Fences: a Critical Smash and a Boon for PA Economy
When Denzel Washington set out to adapt August Wilson's brilliant 1985 play Fences for the big screen, he brought along his co-star from the 2010 Broadway revival, Viola Davis (they both won Tony's for their performances) and set his film where it had to be; Pittsburgh's Hill District. "Fences" was the sixth part of Wilson's ten-play "Pittsburgh Cycle," an epic undertaking in which Wilson explored the evolving African-American experience, examining many themes, including race relations. When Washington decided he would be directing the big screen adaptation, he was taking on a play that won the 1987 Pulitzer Prize for Drama and the 1987 Tony Award for Best Play. The result is one of the year's best films, described by the Village Voice's April Wolfe (in one of the many glowing reviews) as a film that "stands as an aching, lyrical, performance-driven masterpiece in its own right, a film so intense and engrossing that movie houses really should screen it with an intermission."
Washington stars as Troy Maxson, a former baseball star, who is now works as a garbage collector in 1950s Pittsburgh. As A.O. Scott of the New York Times writes, Maxson is "one of the world’s great talkers. He enters the screen on a tide of verbiage, jawing with his friend Bono (Stephen McKinley Henderson) and bantering with his wife, Rose (Viola Davis). The audience quickly grasps what Rose and Bono have known for years. Troy is by turns funny, provocative, inspiring and hurtful, but one thing he will never be as long as he draws breath is silent."
The tension arrises from Troy's attempts to squash his son's dream of playing college football. They're further exacerbated by the fact that everyone is always downstream of Troy's eviscerating, intoxicating personality.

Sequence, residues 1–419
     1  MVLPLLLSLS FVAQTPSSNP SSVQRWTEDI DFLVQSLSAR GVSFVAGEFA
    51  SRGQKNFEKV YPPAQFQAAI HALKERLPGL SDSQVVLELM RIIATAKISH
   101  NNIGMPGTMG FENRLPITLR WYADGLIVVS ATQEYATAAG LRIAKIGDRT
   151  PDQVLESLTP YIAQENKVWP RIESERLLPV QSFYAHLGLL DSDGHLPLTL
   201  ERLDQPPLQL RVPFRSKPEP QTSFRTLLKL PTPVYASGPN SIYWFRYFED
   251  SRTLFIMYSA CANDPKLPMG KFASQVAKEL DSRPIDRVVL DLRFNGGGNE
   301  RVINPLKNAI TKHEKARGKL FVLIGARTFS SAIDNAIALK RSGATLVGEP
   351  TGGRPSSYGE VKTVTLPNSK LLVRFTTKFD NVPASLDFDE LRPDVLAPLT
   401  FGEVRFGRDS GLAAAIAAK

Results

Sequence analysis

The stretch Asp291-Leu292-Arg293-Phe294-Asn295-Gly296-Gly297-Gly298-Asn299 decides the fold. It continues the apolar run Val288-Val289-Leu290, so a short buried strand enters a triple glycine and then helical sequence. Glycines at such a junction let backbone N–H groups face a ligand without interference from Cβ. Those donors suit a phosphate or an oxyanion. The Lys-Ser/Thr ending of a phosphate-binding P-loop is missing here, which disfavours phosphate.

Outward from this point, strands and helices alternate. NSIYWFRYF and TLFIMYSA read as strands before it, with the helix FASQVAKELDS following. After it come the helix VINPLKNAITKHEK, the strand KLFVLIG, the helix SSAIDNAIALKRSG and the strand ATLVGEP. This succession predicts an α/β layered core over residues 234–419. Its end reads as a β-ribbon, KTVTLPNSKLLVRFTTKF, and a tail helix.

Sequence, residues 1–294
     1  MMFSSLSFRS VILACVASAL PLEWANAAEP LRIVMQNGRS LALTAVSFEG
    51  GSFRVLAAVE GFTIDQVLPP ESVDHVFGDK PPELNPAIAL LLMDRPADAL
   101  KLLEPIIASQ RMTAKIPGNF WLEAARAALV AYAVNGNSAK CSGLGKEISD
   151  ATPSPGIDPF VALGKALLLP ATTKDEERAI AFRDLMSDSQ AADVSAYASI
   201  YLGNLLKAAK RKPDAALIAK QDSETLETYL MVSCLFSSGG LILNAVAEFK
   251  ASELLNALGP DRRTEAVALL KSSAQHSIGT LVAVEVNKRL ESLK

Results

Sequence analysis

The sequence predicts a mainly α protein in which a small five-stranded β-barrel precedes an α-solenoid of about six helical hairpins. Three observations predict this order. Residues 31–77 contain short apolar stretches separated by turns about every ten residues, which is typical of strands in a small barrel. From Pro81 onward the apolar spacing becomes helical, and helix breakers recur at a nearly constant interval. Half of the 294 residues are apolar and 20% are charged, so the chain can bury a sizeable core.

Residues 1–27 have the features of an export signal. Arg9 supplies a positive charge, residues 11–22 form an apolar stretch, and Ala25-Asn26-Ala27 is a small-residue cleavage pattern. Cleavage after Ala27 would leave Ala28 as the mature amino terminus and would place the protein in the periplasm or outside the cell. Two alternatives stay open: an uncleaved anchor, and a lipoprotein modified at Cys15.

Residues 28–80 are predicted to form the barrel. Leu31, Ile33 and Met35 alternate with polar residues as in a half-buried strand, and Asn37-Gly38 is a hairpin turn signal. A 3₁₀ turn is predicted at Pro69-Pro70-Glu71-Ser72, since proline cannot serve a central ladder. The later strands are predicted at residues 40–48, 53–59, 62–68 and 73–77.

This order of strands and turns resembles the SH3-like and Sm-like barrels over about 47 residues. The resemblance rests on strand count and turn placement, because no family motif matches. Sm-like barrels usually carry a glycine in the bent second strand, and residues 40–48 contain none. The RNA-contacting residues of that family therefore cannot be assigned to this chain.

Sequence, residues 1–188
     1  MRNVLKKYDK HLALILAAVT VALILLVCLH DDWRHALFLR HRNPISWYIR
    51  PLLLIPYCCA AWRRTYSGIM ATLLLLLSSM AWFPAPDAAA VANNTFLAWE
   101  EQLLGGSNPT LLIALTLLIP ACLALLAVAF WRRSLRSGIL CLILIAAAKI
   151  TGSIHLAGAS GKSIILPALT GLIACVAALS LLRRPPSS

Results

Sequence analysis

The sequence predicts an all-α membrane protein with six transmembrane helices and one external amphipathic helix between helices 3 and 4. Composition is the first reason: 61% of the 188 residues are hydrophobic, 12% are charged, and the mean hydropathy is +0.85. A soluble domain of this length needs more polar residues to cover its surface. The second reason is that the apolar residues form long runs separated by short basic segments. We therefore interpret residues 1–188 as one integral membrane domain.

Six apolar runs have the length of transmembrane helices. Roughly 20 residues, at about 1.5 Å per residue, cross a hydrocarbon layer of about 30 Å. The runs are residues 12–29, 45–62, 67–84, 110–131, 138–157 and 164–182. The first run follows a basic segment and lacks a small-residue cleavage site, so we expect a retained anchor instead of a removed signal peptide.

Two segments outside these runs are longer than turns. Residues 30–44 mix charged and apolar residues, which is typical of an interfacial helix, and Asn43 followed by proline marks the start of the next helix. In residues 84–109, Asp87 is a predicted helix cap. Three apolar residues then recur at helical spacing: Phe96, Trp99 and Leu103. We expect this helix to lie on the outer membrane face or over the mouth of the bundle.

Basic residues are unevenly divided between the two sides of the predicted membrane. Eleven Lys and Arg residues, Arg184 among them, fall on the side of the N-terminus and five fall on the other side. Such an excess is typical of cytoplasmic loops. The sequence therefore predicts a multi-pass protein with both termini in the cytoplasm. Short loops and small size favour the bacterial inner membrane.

Washington's artistic achievement (along with the entire cast, including Davis who is, once again, astonishing) is staggering, and what's making this picture even rosier is what the film has done for the region it’s set in. Paramount Pictures generated a considerable about of money for Pennsylvania’s local economy. According to new figures from the studio, Fences generated more than $9.4 million in local economic activity – hiring over 900 local workers, who took home more than $5.6 million in wages.
The film spent 146 days on location, including 54 days of shooting, primarily in Pittsburgh’s Hill District, with a significant portion of the production’s spending going toward a wide array of in-state businesses and industries, including: over $900,000 on local rentals and purchases for set decoration, production, and other supplies; nearly $700,000 on transportation, including truck and car rentals; over $380,000 on local catering and other food items for the cast and crew; over $360,000 on lodging; and over $100,000 on hardware and lumber supplies.
Individual Pennsylvanians benefited as the production spent over $5.6 million on hiring over 3,000 local employees for the production (extras, security, local production office personnel and more).
IATSE Local 489, which represents over 400 members, commended the production, saying, “Pennsylvania’s successful Film Tax Credit program has had a tremendous impact on our membership," says IATSE president Michael Matesic. "The past two years, we have added around 70 new members annually. We have grown our ranks by over 350 percent in the past 10 years. The continued growth in our industry has allowed our members to support their families and buy homes. We added an average of thirty new members to our growing ranks each year since its inception in 2007, which created a steady and stable income over the past nine years. Highly successful program for our members, 98% Pennsylvania residents.”
The film is an artistic revelation and a boon for the local economy—this is something even Troy Maxson wouldn't argue with.
Featured image: Denzel Washington and Viola Davis in Fences. Courtesy Paramount Pictures.